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Meeting for Reading: Seeds that Change the World

Meeting for Reading is a new column from the Friends General Conference “BookMusings” newsletter. It will review new and forthcoming books intended to nurture spiritual deepening among Friends. The books selected are particularly useful to Meeting book discussion groups.

Seeds that Change the World: Essays on Quakerism, Spirituality, Faith and Culture by Debbie Humphries. Foreword by Diane Randall. QuakerPress, 2018.

By Ellen Michaud 

Author Debbie Humphries and Peggy Kadima-Mazela attend a workshop on Writing out of the Presence at Woolman Hill“Quakers today are a pale shadow of who we are called to be,” writes Debbie Humphries. Yet “we are stewards of a powerful tradition…[that] the world desperately needs.” How do we live into that truth?

When travelling minister Debbie Humphries hits the summer walking paths at New England Yearly Meeting’s annual sessions in Vermont, her walk is fast, her smile radiant, her joy in being among Friends abundant.

Striding under the old oaks that line the Castleton University campus green, past white tents set up on the grass for summer sing-a-longs and old friends engaged in conversation, just the sight of her absorbing and reflecting the loving environment in which she walks, gives everyone who sees her a sense that here, in this moment, in the midst of several hundred faithful Friends, all is right with the Quaker world.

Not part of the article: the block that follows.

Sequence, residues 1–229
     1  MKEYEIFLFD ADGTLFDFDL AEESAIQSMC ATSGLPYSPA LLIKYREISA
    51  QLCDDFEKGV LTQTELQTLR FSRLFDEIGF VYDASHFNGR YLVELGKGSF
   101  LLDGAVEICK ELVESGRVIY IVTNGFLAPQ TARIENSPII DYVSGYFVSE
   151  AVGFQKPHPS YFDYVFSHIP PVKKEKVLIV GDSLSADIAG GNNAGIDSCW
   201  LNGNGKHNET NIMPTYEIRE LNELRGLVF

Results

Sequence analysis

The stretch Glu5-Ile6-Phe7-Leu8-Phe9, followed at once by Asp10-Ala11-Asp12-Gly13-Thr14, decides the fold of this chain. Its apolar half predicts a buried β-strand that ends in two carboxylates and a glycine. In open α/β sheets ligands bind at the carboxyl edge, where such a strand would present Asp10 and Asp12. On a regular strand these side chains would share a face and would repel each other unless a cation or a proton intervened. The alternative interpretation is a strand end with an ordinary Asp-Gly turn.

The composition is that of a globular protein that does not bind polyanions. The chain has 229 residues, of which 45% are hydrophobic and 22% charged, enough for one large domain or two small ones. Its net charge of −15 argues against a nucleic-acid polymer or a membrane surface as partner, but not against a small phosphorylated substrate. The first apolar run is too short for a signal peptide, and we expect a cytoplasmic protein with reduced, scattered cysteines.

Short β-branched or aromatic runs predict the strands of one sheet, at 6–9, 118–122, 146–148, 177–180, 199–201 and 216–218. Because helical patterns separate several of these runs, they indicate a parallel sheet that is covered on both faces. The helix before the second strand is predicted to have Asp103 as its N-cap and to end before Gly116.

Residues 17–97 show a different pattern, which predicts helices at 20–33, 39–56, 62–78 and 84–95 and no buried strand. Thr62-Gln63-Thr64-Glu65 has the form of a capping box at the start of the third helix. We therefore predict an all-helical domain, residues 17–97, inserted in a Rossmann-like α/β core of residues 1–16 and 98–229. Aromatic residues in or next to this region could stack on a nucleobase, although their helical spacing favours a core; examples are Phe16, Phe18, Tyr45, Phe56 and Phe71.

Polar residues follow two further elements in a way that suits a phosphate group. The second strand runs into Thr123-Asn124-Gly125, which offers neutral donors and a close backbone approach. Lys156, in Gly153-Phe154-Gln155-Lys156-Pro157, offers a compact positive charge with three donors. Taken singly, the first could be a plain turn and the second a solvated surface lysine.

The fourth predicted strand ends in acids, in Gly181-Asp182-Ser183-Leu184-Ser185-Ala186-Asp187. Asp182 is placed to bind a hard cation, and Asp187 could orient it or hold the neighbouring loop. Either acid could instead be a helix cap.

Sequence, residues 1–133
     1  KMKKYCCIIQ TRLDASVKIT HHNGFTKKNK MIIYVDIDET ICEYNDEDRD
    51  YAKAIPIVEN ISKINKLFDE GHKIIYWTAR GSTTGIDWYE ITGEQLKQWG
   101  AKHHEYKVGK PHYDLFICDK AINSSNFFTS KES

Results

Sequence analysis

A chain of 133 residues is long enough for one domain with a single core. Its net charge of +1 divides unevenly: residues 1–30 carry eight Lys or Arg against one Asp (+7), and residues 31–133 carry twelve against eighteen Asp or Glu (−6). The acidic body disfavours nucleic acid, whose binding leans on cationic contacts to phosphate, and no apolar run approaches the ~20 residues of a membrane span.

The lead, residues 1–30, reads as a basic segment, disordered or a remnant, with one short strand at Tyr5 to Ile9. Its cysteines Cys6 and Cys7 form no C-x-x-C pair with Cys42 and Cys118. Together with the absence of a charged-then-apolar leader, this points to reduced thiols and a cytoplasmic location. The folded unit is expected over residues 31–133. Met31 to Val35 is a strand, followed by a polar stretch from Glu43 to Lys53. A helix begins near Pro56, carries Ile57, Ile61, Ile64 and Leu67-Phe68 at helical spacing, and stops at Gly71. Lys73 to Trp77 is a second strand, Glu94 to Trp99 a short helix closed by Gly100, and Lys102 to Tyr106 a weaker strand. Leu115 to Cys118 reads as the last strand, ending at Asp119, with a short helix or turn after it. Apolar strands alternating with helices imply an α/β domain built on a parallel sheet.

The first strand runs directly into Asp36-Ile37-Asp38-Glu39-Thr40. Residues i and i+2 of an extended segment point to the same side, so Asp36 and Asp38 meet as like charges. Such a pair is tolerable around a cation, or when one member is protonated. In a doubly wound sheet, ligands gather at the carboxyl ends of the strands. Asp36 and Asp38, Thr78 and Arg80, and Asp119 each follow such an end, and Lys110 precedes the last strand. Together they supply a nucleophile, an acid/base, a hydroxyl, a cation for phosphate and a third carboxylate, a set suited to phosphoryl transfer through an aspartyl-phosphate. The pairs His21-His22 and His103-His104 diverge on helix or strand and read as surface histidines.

Unfortunately—and despite our best intentions—that sense will last about an hour into the first threshing session. Because even with Friends’ dedicated and continuing evolution as a people of faith, we are often a contentious bunch, as evidenced by the number of schisms we’ve experienced over the centuries and into the present day. Re-unification does occur, on occasion, but when push comes to shove, we are perhaps only slightly less likely to take our marbles and go home than the 3 year-old next door.

The result, writes Humphries in Seeds that Change the World, is that “Quakers today are a pale shadow of who we are called to be.”

It’s a startling and devastating observation. But, as a Yale University researcher, observation and analysis is what Humphries is trained to do. And she has closely watched us for decades.

Originally raised in the Mormon tradition, Debbie began worshipping among Friends nearly 30 years ago—first in Cairo, then in North and South America, Europe, and Africa. She became a member of Ithaca Monthly Meeting along the way, and, now, as a member of Hartford Monthly Meeting, she travels in the ministry under their care to meetings across the United States—meetings that define themselves as evangelical, liberal, orthodox, conservative, and mixes of all of the above.

Quaker corporate discernment, with its measured flow and careful listening, allows space for holding paradox and ambiguity. —Debbie Humphries

 

The theological breadth of her travel in the Quaker world is intentional. “I have been troubled for years by the question of what the Quaker peace testimony stands for when we are unable to get along in our own monthly, quarterly and yearly meeting communities,” she writes in one of 13 essays collected in her book.